12. 12. Page 12Classification: Restricted GLOBE VALVE BODY The bonnet assembly is the part of the valve body through which the valve plug stem moves. The bonnet provides a means of sealing against leakage along the stem by using packing in the packing box. Force is exerted by the stud and nuts on the packing material to squeeze it against the walls of the packing box and the valve stem. This acts as a effective seal. The valve stem extends through the bonnet to permit positioning of the valve plug, and therefore provide a variable restriction to the fluid flow.
  13. 13. Page 13Classification: Restricted GLOBE VALVE • Globe valve bodies can be classified as either direct or reverse acting. • In a direct acting valve body, a downward movement of the valve plug stem results in the valve closing. • In a reverse acting valve body, a downward movement of the valve plug stem results in the valve opening.
  14. 14. Page 14Classification: Restricted VALVE ACTUATORS A control valve actuator is a device which is used to drive the valve plug stem and therefore sets the position of the plug with respect to the valve seat. The most common valve actuator is the pneumatic diaphragm actuator. It is simple in construction and very reliable. It operates by the injection of a single, low pressure air signal into the diaphragm housing. The diaphragm housing is made up of two sections. Between the two sections is a flexible diaphragm.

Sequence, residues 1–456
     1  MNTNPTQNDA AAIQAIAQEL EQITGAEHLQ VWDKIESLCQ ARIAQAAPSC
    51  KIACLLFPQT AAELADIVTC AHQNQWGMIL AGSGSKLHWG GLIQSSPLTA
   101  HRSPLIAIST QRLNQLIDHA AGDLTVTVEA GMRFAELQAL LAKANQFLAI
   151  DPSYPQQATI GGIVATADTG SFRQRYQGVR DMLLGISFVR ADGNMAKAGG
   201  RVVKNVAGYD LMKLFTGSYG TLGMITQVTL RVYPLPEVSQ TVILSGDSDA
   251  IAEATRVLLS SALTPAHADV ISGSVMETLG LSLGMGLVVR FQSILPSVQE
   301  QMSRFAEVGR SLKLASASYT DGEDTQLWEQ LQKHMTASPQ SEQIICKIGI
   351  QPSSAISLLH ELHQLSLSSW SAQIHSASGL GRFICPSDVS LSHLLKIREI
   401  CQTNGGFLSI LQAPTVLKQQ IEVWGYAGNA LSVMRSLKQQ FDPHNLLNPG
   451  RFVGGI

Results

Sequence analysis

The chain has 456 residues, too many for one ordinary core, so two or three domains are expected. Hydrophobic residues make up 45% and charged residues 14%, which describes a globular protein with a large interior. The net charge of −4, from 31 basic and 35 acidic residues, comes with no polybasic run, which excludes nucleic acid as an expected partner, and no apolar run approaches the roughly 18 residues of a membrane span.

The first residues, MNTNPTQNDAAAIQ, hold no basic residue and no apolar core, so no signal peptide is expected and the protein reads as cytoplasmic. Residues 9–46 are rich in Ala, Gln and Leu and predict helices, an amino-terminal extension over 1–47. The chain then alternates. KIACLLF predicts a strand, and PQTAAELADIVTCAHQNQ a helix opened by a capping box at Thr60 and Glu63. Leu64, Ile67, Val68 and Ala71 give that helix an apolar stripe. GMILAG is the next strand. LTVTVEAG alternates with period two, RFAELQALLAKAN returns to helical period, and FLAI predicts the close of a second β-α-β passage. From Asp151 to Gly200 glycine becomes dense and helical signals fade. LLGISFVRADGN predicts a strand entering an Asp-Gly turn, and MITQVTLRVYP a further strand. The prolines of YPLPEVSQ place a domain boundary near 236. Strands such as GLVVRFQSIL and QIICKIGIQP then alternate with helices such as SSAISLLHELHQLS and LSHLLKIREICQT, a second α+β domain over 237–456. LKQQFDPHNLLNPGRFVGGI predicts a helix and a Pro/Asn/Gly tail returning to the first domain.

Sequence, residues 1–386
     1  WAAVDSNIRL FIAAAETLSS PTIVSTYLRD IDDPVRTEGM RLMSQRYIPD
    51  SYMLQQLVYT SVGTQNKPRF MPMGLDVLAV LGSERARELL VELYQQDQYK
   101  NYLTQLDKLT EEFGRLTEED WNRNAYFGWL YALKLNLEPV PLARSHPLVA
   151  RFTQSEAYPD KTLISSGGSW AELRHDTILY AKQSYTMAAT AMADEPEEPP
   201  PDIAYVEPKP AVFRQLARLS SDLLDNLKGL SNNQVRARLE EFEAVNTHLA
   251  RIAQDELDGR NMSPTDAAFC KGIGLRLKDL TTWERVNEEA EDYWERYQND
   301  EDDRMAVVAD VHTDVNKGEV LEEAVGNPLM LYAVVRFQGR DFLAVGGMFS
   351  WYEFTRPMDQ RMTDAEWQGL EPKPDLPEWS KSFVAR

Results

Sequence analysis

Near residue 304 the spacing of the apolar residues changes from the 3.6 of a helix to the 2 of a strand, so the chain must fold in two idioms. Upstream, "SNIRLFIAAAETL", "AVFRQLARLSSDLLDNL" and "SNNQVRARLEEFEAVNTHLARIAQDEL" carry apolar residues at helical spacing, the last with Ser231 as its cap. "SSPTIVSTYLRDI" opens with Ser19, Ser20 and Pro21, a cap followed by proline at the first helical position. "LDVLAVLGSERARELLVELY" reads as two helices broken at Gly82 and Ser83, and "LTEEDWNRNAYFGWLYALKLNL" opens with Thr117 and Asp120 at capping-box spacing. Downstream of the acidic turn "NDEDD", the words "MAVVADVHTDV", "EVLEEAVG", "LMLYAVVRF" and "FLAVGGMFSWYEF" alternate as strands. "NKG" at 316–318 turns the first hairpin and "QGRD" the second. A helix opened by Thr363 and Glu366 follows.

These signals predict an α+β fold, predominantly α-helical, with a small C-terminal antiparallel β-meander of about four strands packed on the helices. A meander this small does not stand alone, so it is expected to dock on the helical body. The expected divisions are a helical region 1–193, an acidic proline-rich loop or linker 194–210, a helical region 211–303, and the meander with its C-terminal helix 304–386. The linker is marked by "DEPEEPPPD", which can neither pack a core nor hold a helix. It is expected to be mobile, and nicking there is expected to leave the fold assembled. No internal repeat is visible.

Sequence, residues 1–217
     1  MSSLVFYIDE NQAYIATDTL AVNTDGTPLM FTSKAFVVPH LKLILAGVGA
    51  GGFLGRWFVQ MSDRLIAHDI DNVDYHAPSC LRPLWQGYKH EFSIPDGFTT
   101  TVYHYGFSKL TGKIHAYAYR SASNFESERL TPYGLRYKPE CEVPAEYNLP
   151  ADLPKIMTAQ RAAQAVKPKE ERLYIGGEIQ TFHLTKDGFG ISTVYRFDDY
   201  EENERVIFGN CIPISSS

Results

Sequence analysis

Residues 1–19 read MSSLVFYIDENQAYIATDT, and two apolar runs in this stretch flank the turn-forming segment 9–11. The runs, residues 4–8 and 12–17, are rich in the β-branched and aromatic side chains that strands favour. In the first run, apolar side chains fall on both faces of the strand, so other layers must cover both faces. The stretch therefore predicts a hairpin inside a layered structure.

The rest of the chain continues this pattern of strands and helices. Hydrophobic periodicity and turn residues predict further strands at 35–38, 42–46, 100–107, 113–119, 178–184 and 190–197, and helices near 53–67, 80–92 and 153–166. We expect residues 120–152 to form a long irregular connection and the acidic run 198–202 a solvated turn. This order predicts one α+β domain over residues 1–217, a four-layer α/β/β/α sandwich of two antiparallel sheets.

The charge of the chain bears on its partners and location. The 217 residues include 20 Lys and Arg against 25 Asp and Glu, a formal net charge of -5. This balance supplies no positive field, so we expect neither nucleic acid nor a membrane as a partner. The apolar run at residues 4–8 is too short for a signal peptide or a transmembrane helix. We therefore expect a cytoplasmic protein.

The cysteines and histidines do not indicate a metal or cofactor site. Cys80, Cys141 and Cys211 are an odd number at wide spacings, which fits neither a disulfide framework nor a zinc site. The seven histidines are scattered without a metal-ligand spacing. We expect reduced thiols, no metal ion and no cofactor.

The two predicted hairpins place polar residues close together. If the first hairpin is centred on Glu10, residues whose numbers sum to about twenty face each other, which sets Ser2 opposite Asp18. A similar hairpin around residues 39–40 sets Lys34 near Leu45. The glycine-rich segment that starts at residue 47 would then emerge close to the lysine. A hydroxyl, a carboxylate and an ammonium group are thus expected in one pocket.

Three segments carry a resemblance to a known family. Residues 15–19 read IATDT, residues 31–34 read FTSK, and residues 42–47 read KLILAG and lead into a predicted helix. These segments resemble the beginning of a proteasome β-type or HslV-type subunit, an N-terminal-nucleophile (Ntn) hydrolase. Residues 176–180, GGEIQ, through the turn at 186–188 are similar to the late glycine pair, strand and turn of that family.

15. 15. Page 15Classification: Restricted VALVE ACTUATORS • The air pressure applied on the diaphragm develops a working force. This force is transmitted to the actuator stem via the diaphragm plate, which is a supportive metal disk attached to the diaphragm. • The actuator spring provides a restoring force which positions and returns the actuator stem. • The travel indicator (a pointer attached near the stem connector) indicates the valve travel on the indicator scale. • The actuator is supported rigidly on the valve bonnet assembly by the yoke. • The actuator stem is connected by the stem connector to the valve plug stem.
  16. 16. Page 16Classification: Restricted PNEUMATIC ACTUATOR • The pneumatic valve is an air-operated device which controls the flow through an orifice by positioning appropriately a plug. • An air to close (A/C) valve, can be obtained with the combination of a reverse acting actuator and a reverse acting valve body or a direct acting actuator and a direct acting valve body. In the air to close valve the pressure on the diaphragm causes the plug to move downwards and close the opening thus restricting the flow. • Similarly, an air to open (A/O)/fail close valve, can be obtained with a combination of direct actuator and reverse body or reverse actuator and direct body. In the air to open valve the pressure on the diaphragm causes the stem to move upwards thus, causing the plug to move away from the opening causing the fluid to flow.